Pizza Lulu bakes big whole pizzas for 5-6.50 Ls and serves slices for 69-85s. Try the Super Lulu (Gertrudes iela 27, near Terbatas, daily 8:00-24:00, for delivery call 2/361-234).
Near the Dome Square, Alus seta at Tirgonu iela 6 is a beer hall and restaurant in traditional Latvian style with self-service from the grill (bean soup 80s, pork kebab 1.70 Ls, Latvian-style peas with bacon 80s, daily 11:00-1:00). Put Vejini at Jauniela 18/22 has a restaurant upstairs (entrees about 3 Ls) aznd a bar with a fireplace downstairs (daily 11:00-24:00). In summer you can down a beer (Aldaris is Latvia's most popular brand) at the outdoor cafes in the square.
At Rama, very cheap and filling Indian vegetarian food is dished out by, you guessed it, the International Society for Krishna Consciousness. They don't try to convert foreigners, and whatever you think of their beliefs, they do get credit for feeding a lot of hungry, impoverished Latvians and providing a place to recover from a week of fried cutlets. It's a fascinating sociological experience to see so many Eastern Europeans in face paint and saffron clothes, and where else but Riga can you eat with the Hare Krishnas without being afraid your friends will see you? (Monday-Saturday 8:00-20:30, Sunday 11:00-18:00, Kr. Barona iela 56; the café is through the front door of the building and to the left).
Osiris, which shares an entrance with the Aperto Libro bookstore, is the kind of place to pick up a croissant and orange juice in the morning, and fine for lunch or dinner too. They have foreign newspapers on the tables and entrees for 2.50 to 3 Ls (Kr. Barona iela 31, Monday-Friday 8:00-1:00, Saturday-Sunday 10:00-1:00).
Sigulda, a stand-up café at Brivibas iela and Merkela iela, is nothing special, but has good pastries and opens at 8:00 (Saturday-Sunday at 9:00).
For picnic fixings, go to the Central Market behind the train station (see under What to See). Central Riga doesn't have a convenient modern supermarket but most neighborhoods do have a small 24-hour grocery store.
Riga's train station (centrala stacija), though not overly crowded, is confusing at first. Take a look at the Riga city map at the beginning of the chapter. The long-distance train departure hall is #4 on our map. To one side of it are ticket windows 3-10; to the other side is the entrance to the tunnel to the platforms. If you go up the stairs (rather than through the tunnel) and outside, you get more quickly to platforms 1 and 2, where most long-distance trains leave from. The local-train departure hall is #3 on our map. In its near right corner is a passage leading to hall #2 and windows 25-34. For tickets to Moscow, St. Petersburg, and Vilnius, and generally on long-distance trains running on the territory of the former Soviet Union, you need to visit either windows 3-8 in hall #4 or windows 25-30 in hall #2. Your nationality doesn't matter and it doesn't matter whether you are buying same-day or advance tickets. For tickets on the Baltic Express to Tallinn and Warsaw, and generally on long-distance trains which are not part of the old Soviet "Express" ticketing system, you have to visit an office at Turgeneva iela 14, two blocks from the train station at the corner of Timoteja iela (look for the "Dzelcela kases" sign, Monday-Saturday 8:00-19:00, Sunday 8:00-18:00). After this office closes for the evening, windows 9-10 at the station (in hall #4) can help you with tickets on these trains.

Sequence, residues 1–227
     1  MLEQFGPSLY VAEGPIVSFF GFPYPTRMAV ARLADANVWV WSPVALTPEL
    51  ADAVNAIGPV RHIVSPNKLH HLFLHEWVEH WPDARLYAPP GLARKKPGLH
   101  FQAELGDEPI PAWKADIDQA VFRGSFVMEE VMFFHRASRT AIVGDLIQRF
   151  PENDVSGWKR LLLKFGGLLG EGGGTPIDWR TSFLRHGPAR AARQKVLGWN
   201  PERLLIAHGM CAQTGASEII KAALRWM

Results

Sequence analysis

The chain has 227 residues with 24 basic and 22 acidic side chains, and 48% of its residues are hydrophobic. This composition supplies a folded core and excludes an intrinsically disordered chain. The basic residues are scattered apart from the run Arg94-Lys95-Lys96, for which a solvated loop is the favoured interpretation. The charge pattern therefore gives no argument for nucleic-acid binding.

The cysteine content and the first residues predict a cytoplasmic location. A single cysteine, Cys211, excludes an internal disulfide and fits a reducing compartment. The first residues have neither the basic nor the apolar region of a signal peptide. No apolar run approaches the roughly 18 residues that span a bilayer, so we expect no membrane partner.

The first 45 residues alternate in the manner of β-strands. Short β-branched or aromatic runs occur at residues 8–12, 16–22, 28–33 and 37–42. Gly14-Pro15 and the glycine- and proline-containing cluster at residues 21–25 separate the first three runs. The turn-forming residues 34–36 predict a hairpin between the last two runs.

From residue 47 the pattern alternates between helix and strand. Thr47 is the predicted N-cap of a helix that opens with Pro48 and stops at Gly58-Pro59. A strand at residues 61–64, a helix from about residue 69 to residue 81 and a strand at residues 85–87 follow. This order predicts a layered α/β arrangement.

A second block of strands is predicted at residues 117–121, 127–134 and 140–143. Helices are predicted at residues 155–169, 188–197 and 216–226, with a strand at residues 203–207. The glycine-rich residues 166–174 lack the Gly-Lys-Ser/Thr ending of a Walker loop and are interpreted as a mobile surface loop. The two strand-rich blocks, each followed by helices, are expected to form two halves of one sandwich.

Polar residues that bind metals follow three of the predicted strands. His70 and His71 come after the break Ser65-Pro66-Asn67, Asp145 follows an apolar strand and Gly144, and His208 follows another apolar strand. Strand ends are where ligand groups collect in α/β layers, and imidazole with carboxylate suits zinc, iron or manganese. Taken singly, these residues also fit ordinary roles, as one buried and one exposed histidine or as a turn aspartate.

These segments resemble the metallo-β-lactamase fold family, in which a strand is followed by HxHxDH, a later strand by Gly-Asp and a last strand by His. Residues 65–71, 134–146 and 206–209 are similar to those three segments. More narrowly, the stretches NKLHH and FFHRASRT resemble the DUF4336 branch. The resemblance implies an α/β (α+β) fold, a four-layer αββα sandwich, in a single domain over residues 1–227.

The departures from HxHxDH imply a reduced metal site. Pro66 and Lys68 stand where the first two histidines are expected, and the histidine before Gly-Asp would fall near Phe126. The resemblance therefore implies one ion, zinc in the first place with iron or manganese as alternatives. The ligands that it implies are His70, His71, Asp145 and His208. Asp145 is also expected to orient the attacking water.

Train #2, the Latvijas Ekspresis to Moscow, is Latvia's flagship. On board, conductors provide newspapers, serve meals in your compartment, and are rumored to speak English.
Trains #7 and #8 are the Estonian-run Baltic Express, which you pick up in Riga on its way between Tallinn and Warsaw (with a change of trains at Sestokai, Lithuania). The overnight train to Tallinn has been discontinued and since taking the Baltic Express just to Tallinn is rather expensive, you should go by bus instead.
The bus is the best way from Riga to Tallinn or Vilnius. Coming from the train station, Riga's bus station (autoosta) is on the other side of the tracks, then two minutes' walk past the central market towards the river. Buy tickets from windows 2-8 in the main hall. Watch out for the information window (#1); they charge 2 santims for questions, and 4 santims for "complicated" questions!
Try to take a bus that makes as few stops as possible en route. The buses which run from Tallinn to Vilnius via Riga (starred below) were the fastest, nonstop and very comfortable. Be wary of the 8:10 to Vilnius, which terminates in Minsk.
Buses to Tallinn are likely to leave from platform 1 at 4:10*, 6:35, 7:20, 11:50, 13:00*, 17:00, and 23:40, arriving at 9:40, 12:05, 13:20, 17:50, 18:15, 22:55, and 5:35 respectively. The fare was 4.80 Ls.
To Vilnius, buses leave from platform 2 at 8:10, 11:00, 17:40*, 0:20, 2:00, and 3:20*, arriving five to six hours later. Tickets cost 4.20 Ls. To Warsaw, there's a daily overnight bus at 18:00 from platform 1 (tickets 11.60 Ls).
The ferry port in Riga is a little north of the Old Town. You can walk, but it's easier to catch a cab, or to take tram 5 or 9 to the Jurskola stop.
Getting to or from the airport: Riga's airport (lidosta) has been remodeled into adequate working order. If you take a taxi from (or to) the airport you will be ripped off. Instead, buy a 14s bus ticket and board bus #22, which runs between the airport and Arhitektu iela in the center of town (between the Freedom Monument and the train station).
For booking and reconfirmation: In the city, you can get tickets for most airlines at the Lufthansa City Center (Monday-Friday 9:00-18:00, Saturday 10:00-14:00, Kr. Barona iela 7/9, tel. 728-5901 or 728-5614, fax 782-8199).